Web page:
Politicians say they are determined not to see schoolgirls covering their hair in the classroom regardless of their beliefs.
Religious symbols such as Islamic veils have no place in French state schools, Prime Minister Jean-Pierre Raffarin has said.
Schools "should not be the place where people display their religious affiliations", Raffarin said in an interview on the M6 channel on Sunday.
While proclaiming himself in favour of everyone being free to practise their religion, he said he remained opposed to "ostentatious expression of religious conviction".
However, France's largest Muslim organisation has said any new legislation to ban veils would be "unjust".
Lhaj Thami Breze, president of the Union of French Islamic Organisations, said: "There is a French government commission ongoing into this question and I think people should wait for the result of that. But we do believe it would be unfair to ban the headscarf."
He added: "The interior minister, Nicolas Sarkosy, has given us guarantees this will not happen. But maybe there will be some sort of compromise - we may agree to some sort of hat which covers the head."
And Mr Breze said there was no contradiction between France's ardent secularism and Islam.
There are five million Muslims in
"We respect secularism and sincerely believe it respects Islam and all religions. Our argument is only with secular extremists who want to ban the veil. People often talk of religious extremists but there are secular extremists as well."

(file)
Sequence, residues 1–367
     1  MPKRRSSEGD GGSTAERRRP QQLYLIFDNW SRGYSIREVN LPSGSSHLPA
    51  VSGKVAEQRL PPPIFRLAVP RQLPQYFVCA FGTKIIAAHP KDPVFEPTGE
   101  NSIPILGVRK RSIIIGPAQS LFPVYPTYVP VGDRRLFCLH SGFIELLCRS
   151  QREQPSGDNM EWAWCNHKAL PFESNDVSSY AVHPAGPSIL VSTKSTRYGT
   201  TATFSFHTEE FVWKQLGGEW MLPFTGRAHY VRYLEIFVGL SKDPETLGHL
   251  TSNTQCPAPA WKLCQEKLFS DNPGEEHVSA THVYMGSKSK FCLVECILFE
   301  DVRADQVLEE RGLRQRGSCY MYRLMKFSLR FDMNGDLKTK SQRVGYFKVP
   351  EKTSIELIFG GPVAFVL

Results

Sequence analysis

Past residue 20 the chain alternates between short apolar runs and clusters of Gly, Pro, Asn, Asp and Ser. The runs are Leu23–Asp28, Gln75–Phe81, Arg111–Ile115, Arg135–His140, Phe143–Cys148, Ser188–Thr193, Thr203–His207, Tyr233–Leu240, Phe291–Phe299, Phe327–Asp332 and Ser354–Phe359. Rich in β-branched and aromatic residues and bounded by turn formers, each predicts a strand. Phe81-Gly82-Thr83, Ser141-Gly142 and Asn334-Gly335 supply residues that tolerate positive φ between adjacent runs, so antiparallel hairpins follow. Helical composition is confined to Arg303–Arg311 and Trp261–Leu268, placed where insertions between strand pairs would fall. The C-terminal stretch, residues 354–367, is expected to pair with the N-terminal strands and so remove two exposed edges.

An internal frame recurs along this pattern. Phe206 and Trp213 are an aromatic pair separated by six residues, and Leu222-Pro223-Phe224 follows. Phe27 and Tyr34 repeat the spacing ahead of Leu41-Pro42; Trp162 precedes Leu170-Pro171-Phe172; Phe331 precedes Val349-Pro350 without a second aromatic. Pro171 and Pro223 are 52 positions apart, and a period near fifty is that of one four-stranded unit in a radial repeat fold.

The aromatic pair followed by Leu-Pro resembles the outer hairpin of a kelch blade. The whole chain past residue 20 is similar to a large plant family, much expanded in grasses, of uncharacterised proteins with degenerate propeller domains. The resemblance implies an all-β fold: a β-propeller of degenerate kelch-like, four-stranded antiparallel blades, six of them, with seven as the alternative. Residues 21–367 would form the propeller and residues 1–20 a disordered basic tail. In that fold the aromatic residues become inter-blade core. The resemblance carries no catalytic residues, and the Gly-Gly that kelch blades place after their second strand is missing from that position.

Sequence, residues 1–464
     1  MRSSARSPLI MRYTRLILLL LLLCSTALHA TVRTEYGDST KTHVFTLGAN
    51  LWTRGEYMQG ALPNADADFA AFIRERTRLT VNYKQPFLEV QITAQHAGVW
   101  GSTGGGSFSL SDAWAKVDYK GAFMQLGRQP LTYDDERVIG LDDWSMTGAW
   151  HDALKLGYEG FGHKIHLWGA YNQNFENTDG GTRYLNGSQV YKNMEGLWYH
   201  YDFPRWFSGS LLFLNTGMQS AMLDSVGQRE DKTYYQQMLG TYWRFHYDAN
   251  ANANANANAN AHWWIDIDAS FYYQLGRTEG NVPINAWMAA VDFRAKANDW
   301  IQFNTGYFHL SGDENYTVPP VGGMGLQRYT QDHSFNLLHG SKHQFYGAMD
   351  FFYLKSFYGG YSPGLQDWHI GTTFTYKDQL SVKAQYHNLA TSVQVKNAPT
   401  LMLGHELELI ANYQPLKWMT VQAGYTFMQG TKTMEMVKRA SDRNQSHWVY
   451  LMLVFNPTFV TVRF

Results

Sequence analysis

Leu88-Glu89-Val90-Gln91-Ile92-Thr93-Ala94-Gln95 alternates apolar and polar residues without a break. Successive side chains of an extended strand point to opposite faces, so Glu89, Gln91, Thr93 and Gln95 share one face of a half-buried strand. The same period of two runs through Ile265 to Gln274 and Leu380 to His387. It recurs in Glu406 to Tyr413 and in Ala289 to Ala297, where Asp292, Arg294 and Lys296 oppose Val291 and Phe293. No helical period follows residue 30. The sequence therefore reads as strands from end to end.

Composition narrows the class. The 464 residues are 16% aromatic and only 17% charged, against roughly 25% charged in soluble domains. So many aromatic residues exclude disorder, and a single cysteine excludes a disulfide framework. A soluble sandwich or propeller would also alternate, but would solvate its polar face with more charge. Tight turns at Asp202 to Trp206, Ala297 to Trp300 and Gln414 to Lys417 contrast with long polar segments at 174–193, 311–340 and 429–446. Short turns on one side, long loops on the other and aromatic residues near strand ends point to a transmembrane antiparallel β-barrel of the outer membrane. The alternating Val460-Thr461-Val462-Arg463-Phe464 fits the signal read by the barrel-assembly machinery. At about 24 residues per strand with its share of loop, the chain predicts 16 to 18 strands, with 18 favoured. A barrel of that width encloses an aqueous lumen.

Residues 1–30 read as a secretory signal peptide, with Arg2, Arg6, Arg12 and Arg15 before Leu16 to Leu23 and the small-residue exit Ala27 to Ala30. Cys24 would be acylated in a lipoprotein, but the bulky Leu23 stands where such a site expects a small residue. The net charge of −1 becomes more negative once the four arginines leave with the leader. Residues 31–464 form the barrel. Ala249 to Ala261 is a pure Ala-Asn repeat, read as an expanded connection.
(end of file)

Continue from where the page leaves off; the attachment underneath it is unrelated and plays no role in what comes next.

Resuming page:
The question of traditional Islamic dress is at the centre of deliberations by a national commission on France's secular principles.
While France is mainly Catholic, five million of its 58 million inhabitants are Muslim.
The debate over whether Muslim women have the right to wear headscarves at school, at work or even on identity photos, regularly causes a furore in France which is fiercely proud of its secular nature.
Although the headscarf is officially banned in French schools some feel the current law is too vague and is being abused.
Some Muslim groups say the ban is an attack on Islamic culture which alienates Muslims from French society rather than endears them to it.